How Did the Devils Get So Fast, So Fast?
Jack Hughes thought he had it pretty good as a professional hockey player. The No. 1 draft pick in 2019, Hughes was living his best life over the ensuing four seasons, skating for the Devils and emerging as a superstar in the N.H.L.
Then he got to the postseason.
“I used to think the regular season in the N.H.L. was a blast,” he said, beaming. “It doesn’t even come close to the playoffs.”
Hughes and his Devils teammates were soaring Monday night in Newark, N.J., after their 4-0 win over the Rangers in Game 7 of their first-round playoff series. They bumped off their physically larger and more experienced neighbors and sent a message that seems to have been delivered a year or two ahead of schedule.
The Devils, who had not won a playoff series since 2012, won only 27 games last season as they continued to rebuild under Tom Fitzgerald, their general manager since 2020. They had added top-end draft picks, like Hughes and Nico Hischier, the first overall pick in 2017, made promising trades and brought in key free agents.
The team they built is sizzling fast and skillful, and signs pointed to improvement this year. Now they hope it will be followed by a steady climb across the next several seasons.
Considering the ages of most of these speedy young players, the blossoming talent and cohesion, and the evidence seen on the ice in the series, it is reasonable to assume the league — and Rangers fans — will have to contend with these Devils well beyond 2023.
“This is the time of the year we want to be playing in for the next 10 years,” said Hughes, who also noted that Devils fans now own regional bragging rights, at least until next spring.
Monday’s Game 7 ended a wild first round of the N.H.L. playoffs, in which road teams won a record 31 of the 50 games. Fourteen games went to overtime, with the road team winning 11 of those. The best regular-season team in history, the Boston Bruins, lost to the Florida Panthers, the second and final wild card in the East. The defending champion Colorado Avalanche fell to the Seattle Kraken, a second-year expansion team that is playing in its first postseason.
The Toronto Maple Leafs won a first-round playoff series for the first time since 2004, beating the Lightning in Game 6 in Tampa, Fla., and became one of six teams to clinch their series on the road.
Of the eight remaining teams, the Carolina Hurricanes are the most recent Stanley Cup champion, all the way back in 2006. They beat the Islanders on Long Island in overtime of Game 6 and will now host the Devils for Game 1 on Wednesday.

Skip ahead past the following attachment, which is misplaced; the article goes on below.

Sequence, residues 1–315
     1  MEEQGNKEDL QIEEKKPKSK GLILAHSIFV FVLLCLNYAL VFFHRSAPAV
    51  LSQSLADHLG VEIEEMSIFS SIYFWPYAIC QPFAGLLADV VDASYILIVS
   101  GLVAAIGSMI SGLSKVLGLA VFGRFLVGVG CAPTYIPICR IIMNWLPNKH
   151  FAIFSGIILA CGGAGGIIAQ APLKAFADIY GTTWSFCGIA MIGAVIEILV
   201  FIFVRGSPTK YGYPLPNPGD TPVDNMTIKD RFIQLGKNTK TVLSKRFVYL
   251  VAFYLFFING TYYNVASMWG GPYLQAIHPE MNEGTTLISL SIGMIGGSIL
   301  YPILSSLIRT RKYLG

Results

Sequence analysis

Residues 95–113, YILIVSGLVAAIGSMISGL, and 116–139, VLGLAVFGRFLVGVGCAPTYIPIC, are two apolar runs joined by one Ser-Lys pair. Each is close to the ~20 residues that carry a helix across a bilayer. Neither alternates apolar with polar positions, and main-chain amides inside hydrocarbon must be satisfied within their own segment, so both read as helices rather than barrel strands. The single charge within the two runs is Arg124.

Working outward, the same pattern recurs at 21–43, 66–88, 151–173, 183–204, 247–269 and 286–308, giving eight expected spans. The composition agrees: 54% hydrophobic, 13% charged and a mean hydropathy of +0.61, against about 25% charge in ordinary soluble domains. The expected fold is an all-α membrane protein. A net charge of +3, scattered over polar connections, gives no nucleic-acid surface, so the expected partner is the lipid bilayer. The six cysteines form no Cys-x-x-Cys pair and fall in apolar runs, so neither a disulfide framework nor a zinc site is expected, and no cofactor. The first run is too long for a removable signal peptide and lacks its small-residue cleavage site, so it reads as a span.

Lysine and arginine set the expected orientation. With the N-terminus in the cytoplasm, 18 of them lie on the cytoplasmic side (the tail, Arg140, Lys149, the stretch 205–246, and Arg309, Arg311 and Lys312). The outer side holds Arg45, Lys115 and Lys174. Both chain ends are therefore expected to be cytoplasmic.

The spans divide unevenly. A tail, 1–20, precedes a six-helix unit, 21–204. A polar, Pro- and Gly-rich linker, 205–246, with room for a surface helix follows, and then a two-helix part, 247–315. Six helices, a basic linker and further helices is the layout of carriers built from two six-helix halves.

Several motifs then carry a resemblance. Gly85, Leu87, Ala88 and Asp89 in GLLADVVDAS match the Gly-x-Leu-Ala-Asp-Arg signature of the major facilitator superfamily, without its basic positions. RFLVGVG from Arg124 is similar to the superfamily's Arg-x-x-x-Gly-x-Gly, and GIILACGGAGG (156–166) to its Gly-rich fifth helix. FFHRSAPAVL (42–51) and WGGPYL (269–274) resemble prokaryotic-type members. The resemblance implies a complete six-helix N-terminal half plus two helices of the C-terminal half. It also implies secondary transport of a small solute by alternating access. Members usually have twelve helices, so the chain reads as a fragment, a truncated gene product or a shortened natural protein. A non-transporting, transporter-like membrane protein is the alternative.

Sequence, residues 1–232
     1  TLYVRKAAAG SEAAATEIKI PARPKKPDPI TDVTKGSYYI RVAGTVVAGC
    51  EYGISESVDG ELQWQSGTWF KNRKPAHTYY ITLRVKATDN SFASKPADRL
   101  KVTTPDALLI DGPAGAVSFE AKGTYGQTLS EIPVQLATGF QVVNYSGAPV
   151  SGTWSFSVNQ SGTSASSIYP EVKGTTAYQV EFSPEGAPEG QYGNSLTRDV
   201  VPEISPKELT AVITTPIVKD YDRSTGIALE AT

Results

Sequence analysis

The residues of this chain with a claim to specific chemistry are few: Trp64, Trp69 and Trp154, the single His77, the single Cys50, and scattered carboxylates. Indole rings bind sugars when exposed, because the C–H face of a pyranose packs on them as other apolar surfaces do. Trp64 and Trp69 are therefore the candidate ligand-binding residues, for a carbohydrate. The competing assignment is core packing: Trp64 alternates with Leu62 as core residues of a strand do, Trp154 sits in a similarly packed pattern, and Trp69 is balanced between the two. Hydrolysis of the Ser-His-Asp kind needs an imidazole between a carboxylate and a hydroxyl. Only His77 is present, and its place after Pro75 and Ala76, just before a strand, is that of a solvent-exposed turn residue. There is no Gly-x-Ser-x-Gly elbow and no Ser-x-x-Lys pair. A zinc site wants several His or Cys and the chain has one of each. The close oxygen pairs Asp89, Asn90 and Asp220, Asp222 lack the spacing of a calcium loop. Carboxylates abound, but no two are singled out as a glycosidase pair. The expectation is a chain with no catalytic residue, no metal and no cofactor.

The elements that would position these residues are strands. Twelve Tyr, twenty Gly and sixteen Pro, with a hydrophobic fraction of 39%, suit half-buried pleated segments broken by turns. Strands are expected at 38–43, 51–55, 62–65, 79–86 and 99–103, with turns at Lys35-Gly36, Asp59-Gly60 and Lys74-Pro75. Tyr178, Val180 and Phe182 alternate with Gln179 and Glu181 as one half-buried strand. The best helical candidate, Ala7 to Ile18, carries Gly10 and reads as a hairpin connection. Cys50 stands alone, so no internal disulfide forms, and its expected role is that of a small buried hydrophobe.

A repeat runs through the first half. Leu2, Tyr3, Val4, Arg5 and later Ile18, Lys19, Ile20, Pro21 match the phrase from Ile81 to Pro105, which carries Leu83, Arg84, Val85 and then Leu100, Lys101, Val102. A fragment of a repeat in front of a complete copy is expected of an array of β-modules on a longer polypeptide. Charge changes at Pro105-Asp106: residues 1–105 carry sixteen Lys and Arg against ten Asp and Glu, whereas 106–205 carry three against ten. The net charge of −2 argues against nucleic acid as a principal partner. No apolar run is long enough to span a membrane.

The Devils are likely to stick with goalie Akira Schmid, their rookie sensation, who helped reverse the series against the Rangers. After New Jersey lost the first two games at home, Coach Lindy Ruff sat Vitek Vanecek for Game 3 and gave Schmid the net. The Devils won four of the next five games.
Schmid posted two shutouts and a 1.38 goals against average in the series and became the fifth rookie to earn a shutout in a Game 7, the first since Montreal’s Carey Price in 2008.
“The biggest thing was that Schmido, obviously, came in and played unreal,” Hughes said of the team’s turnaround. “He was a brick wall for us.”
Schmid may be another part of the Devils’ promising future. He will turn 23 on May 12, and started only 14 regular-season games, coming off the bench in four others for the Devils, who had signed Vanecek to a three-year contract last summer. Vanecek was excellent during the regular season, but desperation forced a move.
Schmid is from Bern, Switzerland, is 6-foot-5, 205 pounds and teammates nicknamed him Schmido the Torpedo. He played 23 games in the minors for the American Hockey League’s Utica Comets this season, and his goals against average was higher there (2.62) than it was in his regular-season games with New Jersey (2.13). Maybe that is not surprising. That statistic also reflects the play of the team in general, and Schmid explained that playing in the N.H.L. can be less chaotic for a goalie. The structure in front of goal is usually better, and defenders are more adept at clearing away rebounds and preventing tip-ins.
“It almost makes it easier to read the play sometimes,” Schmid said.
While the Devils are noticeably speedy, they also displayed desire and toughness, especially in Game 7. Ondrej Palat’s relentless forechecking and unremitting desire led directly to the first goal Monday. Palat, who won two Stanley Cups with the Tampa Bay Lightning, was signed in July to add playoff experience and he demonstrated to his team the kind of work required to win in the playoffs.
“This team has no quit,” Ruff said. “They give me everything they have.”
Erik Haula is another veteran acquired last off-season, through a trade with Boston, to augment the team’s playoff savvy. He played 41 games for the Hurricanes in 2019-20 and played against them in the playoffs last year as a member of the Bruins, who lost in seven games.
On Monday, Haula scored his team’s third goal in another example of the Devils’ blend of hard work with finesse and determination with skill. Palat won a puck battle on the boards, kicked the puck up to Hughes, who feathered a perfect pass for Haula to slap home.
The Devils will need more of that against the tough Hurricanes, who have the home-ice advantage in the series through winning the Metropolitan Division by one point over the Devils. But when they get home to Newark for Games 3 and 4, Haula predicted the atmosphere will be even better than it was in the first round.
“It’s only going to get louder when we get those Rangers fans out of here,” he said.